"The sub-committee was set up to gather data on the number of IDPs and infrastructure that was destroyed for the government to intervene," he explained.

"The president is worried about the plight of the IDPs – that's why the victim support fund was inaugurated," added Wuyep

The sub-committee is affiliated with the Terrorism Victims Support Fund, which was recently launched by the Nigerian government to ameliorate the suffering of terror victims in the country's northern region and elsewhere.

Yobe fighting

Meanwhile, suspected Boko Haram militants on Tuesday reportedly captured another town in Nigeria's northeastern Yobe state, a police source has said.

Militants stormed Ngalda, a remote community in Yobe State, in a convoy of three Hilux vehicles but were engaged by military troops on ground, the source said.

"The insurgents exchanged fire with soldiers in Ngalda around the Gujba axis and they (militants) fled to another neighboring community, Nafada in Gombe, where they burned down the police station and the office of the People Democratic Party (PDP)," the source said.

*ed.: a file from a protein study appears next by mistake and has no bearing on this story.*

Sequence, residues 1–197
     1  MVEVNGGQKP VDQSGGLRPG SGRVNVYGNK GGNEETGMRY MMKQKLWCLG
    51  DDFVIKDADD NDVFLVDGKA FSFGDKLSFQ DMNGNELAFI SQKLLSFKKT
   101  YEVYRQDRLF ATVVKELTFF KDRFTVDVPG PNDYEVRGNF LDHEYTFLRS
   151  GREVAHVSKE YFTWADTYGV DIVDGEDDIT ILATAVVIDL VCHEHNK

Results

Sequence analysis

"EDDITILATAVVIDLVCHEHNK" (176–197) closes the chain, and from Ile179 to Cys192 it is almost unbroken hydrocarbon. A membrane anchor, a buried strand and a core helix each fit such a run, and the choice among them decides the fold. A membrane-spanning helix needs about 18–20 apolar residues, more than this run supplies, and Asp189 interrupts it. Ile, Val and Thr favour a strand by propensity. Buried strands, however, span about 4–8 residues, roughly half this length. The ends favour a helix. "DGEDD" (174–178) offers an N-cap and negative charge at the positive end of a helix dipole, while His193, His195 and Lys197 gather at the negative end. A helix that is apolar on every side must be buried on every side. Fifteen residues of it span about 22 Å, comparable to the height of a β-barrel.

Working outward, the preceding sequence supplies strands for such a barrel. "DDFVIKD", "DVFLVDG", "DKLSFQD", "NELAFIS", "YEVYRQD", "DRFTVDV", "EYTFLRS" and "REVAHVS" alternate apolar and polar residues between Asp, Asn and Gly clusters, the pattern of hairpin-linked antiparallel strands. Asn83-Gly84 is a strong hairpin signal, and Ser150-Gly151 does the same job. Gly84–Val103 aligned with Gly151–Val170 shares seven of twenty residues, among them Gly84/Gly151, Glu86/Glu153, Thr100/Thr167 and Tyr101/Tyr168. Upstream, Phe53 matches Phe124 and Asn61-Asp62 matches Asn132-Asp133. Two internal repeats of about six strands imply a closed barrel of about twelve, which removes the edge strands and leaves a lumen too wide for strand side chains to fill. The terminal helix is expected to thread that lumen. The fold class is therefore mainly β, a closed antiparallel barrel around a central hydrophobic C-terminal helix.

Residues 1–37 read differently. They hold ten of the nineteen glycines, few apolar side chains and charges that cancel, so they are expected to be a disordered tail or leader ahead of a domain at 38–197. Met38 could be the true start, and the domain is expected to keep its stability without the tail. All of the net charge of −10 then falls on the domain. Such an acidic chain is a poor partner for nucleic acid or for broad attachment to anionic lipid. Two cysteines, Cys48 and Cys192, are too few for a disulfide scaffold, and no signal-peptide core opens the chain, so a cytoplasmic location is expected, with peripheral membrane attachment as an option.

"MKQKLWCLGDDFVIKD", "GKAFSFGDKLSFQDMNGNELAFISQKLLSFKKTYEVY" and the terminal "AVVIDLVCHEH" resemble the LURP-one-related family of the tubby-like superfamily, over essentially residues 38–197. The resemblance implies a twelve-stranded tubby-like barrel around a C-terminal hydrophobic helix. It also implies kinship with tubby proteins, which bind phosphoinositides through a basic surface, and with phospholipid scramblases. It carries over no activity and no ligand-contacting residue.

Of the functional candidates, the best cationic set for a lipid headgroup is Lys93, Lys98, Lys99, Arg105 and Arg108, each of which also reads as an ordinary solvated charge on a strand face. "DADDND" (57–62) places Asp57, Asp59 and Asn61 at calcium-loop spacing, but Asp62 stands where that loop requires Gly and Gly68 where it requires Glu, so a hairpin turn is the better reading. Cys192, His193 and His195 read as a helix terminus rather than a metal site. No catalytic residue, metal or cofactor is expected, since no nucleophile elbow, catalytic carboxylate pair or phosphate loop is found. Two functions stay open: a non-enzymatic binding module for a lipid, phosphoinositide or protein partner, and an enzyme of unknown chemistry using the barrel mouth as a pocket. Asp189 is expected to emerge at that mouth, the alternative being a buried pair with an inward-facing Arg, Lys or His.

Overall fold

According to the source, the militants captured the Nafada community.

There was no word yet available about casualties.

Musa Wuyo, a resident of Ngalda who fled to Bajoga, another community around the area, said the militants were shooting sporadically as they stormed the town.

"We were seated under a Nime tree close to a mosque at about 3.20pm when we started hearing gunshots. We were scared and many people fled into the bush, some of the soldiers also left," he told AA.

Tuesday's attack came a day after at least 82 people were killed when a sbomber attacked a crowd of Shiites gathered for the yearly Ashura procession at a school in Potiskum town in the northeastern Yobe State.